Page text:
Using the world's most powerful telescopes, a team of astronomers has discovered what can be considered as a dark twin of the Milky Way. The galaxy that scientists called Dragonfly 44 is a little smaller compared with the Milky Way but it has about the same mass. What makes this Milky Way twin different from our own galaxy is that it consists mostly of the mysterious dark matter.
Using the W.M. Keck Observatory and the Gemini North telescope in Hawaii, astronomers discovered that the stars in Dragonfly 44 move through the galaxy faster than expected. The velocity of the stars indicates the mass of the galaxy. Faster star movement means the galaxy has more mass.
Researchers found that while the galaxy is as massive as the Milky Way, only one-hundredth of 1 percent of it is in the form of stars and what is considered as normal matter. The findings indicate that the galaxy is 99.99 percent dark matter. Dark matter is a hypothesized material that emits no light and has not yet been seen but may compose more than 90 percent of the universe.
Dragonfly 44 lies in the nearby Coma constellation. It is relatively close but because it is so faint, scientists did not realize until recently that it was a galaxy. It hardly has any star. The researchers said that if it were not for the presence of the dark matter, the galaxy would not even exist. It is so diffused that if there is nothing that holds it together, the Dragonfly 44 could blend with its environment.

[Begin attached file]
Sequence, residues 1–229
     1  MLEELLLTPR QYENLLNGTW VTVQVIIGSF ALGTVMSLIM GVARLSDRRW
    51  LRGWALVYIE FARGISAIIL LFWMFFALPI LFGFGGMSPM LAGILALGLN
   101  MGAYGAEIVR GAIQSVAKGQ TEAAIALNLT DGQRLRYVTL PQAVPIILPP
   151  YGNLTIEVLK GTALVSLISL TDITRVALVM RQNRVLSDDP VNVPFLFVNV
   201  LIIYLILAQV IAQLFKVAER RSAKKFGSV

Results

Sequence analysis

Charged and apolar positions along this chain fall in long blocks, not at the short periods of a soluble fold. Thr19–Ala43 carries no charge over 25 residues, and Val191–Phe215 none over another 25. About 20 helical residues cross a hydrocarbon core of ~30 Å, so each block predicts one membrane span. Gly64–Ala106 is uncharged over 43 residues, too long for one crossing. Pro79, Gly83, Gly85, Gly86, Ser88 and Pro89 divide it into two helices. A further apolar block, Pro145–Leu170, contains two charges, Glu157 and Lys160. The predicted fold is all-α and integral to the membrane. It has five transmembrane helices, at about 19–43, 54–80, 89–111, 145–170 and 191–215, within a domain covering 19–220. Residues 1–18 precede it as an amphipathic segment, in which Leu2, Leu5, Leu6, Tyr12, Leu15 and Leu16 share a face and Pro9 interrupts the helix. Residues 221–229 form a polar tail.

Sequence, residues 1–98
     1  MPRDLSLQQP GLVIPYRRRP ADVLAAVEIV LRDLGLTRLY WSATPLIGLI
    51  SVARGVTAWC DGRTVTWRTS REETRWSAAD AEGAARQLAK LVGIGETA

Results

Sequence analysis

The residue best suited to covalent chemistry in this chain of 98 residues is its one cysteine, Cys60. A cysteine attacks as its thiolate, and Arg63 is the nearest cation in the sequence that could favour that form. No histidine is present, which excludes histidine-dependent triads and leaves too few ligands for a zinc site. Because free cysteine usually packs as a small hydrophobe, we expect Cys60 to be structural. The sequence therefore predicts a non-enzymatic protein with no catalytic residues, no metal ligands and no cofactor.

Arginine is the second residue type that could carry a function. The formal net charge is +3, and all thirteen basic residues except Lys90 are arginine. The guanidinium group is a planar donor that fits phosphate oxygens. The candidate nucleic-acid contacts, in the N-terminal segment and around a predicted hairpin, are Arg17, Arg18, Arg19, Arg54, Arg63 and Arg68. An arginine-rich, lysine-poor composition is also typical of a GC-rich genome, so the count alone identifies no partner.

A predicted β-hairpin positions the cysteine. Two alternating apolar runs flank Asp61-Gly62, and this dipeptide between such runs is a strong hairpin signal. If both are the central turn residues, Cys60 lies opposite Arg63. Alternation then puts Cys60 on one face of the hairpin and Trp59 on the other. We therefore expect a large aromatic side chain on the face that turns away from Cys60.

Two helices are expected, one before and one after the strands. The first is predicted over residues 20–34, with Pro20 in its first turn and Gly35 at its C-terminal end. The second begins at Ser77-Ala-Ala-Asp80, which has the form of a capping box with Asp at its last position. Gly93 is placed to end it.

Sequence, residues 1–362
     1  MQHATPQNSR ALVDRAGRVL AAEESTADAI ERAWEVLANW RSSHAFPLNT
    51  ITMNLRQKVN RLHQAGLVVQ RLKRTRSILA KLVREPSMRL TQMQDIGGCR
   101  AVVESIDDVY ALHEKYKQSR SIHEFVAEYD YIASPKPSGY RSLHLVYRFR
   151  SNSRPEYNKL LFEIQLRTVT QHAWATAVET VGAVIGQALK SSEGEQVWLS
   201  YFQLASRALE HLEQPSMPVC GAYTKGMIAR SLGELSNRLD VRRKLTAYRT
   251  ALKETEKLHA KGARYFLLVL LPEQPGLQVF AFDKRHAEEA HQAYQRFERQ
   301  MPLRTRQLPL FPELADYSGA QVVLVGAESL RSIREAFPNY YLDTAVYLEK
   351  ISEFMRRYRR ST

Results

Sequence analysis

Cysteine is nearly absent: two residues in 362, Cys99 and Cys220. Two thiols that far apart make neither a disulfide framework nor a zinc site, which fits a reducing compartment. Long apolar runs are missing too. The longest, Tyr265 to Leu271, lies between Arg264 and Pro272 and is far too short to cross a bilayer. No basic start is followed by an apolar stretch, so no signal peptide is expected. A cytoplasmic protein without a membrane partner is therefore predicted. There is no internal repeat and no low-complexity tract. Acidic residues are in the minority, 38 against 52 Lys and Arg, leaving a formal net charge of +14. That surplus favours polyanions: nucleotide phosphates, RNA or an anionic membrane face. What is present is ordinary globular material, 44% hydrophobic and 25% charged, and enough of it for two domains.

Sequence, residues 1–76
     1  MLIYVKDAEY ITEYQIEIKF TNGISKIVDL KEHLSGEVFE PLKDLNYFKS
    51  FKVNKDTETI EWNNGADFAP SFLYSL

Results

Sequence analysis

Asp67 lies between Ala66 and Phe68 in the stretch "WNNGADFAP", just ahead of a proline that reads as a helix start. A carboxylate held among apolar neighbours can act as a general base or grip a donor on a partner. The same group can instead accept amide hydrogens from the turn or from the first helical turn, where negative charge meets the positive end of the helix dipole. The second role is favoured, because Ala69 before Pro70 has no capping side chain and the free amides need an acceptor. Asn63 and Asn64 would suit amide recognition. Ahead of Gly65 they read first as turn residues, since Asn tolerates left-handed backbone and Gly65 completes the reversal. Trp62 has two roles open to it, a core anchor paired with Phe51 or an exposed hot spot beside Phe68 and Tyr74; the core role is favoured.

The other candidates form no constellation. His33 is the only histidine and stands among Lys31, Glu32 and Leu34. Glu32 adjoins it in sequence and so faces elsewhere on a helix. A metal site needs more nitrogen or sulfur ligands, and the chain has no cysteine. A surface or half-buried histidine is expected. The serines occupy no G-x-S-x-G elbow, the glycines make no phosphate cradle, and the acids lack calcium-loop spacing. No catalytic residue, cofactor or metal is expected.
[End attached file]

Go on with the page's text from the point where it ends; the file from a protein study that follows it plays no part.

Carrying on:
"If the galaxy only had those stars and no dark matter to hold it together, all the other galaxies that are around it would pull and push on it and it would be deformed and ultimately completely destroyed," said study researcher Pieter van Dokkum, from Yale University.
Dragon 44 is not the first galaxy discovered that is primarily composed of dark matter. Ultra-faint dwarf galaxies also have the same composition. What makes the discovery different is that those galaxies were about 10,000 times less massive than Dragonfly 44. The newly found galaxy is an average-size galaxy, the kind that astronomers are more familiar with.
"If it's a very big or very large galaxy, you can brush it off and say, oh, that must be a rare thing but most of the stars in the universe live in galaxies this size," said van Dokkum.